Instead of jumping right in to an aggressive training program that requires you to be in good shape, you can be more effective by starting off with simply taking up daily walks for a week or so then gradually build up to a jog the following week, and subsequently increase your pace until you are able to effortlessly run a few miles or kilometers without issue. The same principle applies to biking. You may have the ability to run and or bike for long however you should keep in mind not to overdo it.

Swimming on the other hand takes a different approach from running and biking. If you aren’t that confident in water, taking a few swim classes and learning how to submerge your face as well as blow bubbles is generally an excellent starting point. From there, you can learn a progressive series of drills that can get you “over the hump” in swimming, and allow you to complete an open water triathlon swim with enough energy left over for the bike and run portions of the race.

Triathlon Training Schedules: Laying the Foundation for Beginners


Are you in a hurry to get ready for your first triathlon? Be warned: triathlon competitions usually take most athletes weeks to months of training sessions to prepare for.



This tiring, grueling competition typically varies in distance and as thus requires the right type of triathlon training schedule to provide these athletes with the right amount of stamina, strength and energy to compete. This article discusses important factors to be considered by beginner triathletes when developing appropriate triathlon training schedules for the race they are planning to participate in, current level of their athletic development, and amount of time they have to prepare.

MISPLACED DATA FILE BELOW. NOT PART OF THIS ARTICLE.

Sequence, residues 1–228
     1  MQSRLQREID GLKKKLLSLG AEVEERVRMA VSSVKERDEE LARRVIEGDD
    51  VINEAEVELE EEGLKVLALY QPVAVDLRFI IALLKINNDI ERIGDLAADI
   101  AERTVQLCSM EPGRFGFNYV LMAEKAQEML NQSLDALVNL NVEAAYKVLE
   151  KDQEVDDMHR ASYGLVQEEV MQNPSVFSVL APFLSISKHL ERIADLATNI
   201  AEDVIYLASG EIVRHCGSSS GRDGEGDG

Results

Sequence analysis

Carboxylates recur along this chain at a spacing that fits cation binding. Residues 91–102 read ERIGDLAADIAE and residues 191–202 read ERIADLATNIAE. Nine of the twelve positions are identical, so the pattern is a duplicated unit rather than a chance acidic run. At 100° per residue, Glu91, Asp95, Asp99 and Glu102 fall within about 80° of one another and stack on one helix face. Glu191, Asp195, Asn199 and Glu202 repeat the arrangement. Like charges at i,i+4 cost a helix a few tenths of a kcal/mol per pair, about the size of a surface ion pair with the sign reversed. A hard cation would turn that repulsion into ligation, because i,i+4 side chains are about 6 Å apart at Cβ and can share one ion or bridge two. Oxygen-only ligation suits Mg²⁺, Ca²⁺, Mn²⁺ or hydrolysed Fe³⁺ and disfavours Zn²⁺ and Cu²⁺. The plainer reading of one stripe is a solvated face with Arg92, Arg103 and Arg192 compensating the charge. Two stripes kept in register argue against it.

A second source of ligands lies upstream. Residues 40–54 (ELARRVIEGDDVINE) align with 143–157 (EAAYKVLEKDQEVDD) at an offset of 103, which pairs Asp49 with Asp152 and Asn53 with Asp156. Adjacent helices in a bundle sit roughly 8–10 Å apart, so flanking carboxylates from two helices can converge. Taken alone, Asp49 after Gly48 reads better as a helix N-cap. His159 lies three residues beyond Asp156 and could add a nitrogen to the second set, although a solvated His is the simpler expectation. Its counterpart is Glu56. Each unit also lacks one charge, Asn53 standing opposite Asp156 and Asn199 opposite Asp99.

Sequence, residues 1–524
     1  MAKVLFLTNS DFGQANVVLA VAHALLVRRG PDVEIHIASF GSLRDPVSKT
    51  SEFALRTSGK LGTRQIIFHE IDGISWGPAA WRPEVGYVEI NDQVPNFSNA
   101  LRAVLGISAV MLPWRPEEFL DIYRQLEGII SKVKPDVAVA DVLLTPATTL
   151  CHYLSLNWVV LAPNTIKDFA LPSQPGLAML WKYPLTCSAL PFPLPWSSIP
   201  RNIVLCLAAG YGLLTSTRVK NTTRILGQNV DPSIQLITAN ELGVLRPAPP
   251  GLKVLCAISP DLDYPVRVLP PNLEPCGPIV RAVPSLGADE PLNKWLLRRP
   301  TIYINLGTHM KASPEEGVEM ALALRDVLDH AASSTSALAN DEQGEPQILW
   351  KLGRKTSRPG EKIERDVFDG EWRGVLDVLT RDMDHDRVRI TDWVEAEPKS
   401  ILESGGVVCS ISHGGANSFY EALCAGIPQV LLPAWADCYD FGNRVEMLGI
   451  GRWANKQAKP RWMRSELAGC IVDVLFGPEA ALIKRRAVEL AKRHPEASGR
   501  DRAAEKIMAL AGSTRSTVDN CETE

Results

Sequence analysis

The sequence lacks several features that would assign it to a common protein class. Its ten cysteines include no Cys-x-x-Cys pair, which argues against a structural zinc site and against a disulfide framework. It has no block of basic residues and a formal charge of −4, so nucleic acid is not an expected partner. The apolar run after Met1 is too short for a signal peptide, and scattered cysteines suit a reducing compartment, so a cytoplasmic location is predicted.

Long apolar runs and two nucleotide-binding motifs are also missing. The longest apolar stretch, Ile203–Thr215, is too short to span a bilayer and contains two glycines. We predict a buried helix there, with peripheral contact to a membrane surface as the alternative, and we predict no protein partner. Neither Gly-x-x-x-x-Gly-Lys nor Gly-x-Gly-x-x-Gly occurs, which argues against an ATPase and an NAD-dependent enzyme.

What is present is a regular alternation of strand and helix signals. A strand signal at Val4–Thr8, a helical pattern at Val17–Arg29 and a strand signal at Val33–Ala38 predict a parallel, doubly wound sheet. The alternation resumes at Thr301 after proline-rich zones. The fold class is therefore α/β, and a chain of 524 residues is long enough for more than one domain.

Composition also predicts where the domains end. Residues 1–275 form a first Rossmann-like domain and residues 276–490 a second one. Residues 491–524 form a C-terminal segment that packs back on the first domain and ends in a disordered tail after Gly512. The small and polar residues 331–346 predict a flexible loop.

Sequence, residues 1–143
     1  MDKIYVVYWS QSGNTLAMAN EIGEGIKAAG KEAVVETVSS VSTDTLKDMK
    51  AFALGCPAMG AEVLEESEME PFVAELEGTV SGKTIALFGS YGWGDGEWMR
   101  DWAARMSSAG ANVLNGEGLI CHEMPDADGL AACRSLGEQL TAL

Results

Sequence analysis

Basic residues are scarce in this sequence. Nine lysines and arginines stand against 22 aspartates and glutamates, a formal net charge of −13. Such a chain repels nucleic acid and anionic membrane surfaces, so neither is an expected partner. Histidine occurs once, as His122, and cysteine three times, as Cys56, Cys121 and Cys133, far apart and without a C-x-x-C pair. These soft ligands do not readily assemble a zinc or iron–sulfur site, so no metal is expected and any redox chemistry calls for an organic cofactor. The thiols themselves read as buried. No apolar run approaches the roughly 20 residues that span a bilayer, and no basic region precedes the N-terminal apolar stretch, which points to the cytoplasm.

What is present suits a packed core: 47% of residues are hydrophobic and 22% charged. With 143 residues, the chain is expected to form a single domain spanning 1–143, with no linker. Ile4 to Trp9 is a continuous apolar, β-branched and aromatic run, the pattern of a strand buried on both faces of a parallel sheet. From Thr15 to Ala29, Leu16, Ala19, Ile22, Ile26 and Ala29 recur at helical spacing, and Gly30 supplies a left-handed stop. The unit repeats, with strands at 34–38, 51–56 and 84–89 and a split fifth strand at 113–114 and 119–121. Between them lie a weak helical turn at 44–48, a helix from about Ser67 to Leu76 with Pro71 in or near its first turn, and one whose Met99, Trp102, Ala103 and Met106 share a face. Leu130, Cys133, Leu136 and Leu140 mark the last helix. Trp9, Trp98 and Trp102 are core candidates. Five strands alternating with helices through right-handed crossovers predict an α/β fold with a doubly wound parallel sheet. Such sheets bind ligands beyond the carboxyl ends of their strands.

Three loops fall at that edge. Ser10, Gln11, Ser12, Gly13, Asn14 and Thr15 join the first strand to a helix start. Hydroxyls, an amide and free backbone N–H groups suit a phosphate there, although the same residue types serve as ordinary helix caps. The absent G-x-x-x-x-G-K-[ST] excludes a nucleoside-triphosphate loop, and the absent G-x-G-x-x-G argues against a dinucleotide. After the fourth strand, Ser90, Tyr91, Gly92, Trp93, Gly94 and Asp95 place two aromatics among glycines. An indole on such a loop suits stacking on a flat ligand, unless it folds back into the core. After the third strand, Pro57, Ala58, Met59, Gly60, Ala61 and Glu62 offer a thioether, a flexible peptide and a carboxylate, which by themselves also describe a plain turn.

Current Level of Development:


The first place to start when laying out a triathlon training schedule is conducting an honest evaluation of your current fitness level and preparedness to compete in such an event. This is one area where it is extremely helpful to get external or outside help- preferably from an experienced triathlete or coach, since a solid current level of fitness assessment is necessary in order to come up with an effective triathlon training schedule plan. 


Triathlon coaching is a fantastic option you can choose to opt for, rather than going it alone. Scheduling a session or two with a professional triathlon or endurance trainer or coach can help set you on the right path to developing a realistic base of your current level of endurance before setting out to train for your ever first triathlon. 


The Race:


Once you have established where you stand with regard to your current abilities you need to know what to do, and where you are going with your plan. Knowing where you are going involves you asking yourself questions like: What challenges am I faced with in the triathlon I’m preparing for? Is the race being conducted in a pool or open water? What is the distance of the race? What does the course look like (especially the swim)? Answering these questions helps you plan as much of your training as possible in conditions close to those of the actual environment, settings, and situation in which you will be competing. 


Time:

All triathlons are competitions or races against time- much more than they are against other athletes. Therefore, your triathlon training schedule and sessions should be conducted in a manner that is appropriate. If you are like most triathletes, you probably have a day job, other social obligations and maybe even a family. Somewhere between all the other responsibilities or duties you may have, you need to find time to consistently devote to your triathlon training schedule. This is at times quite a challenge to some, since certain things need to be given up in order to make time for both training and training recovery. 



Be prepared: 


I remember how it was for my first triathlon- preparation was the key to my success and enjoyment of the race. The most important elements for trainees are to know where they stand, where they are going, and to be prepared to put in the work and sacrifices necessary along the way. It is generally a good idea to read up on the triathlon training process as much as is possible so as to know what to expect. You will avoid potential disasters this way, and be more likely to have a great time (as well as a great personal time!).

Sprint Triathlon Training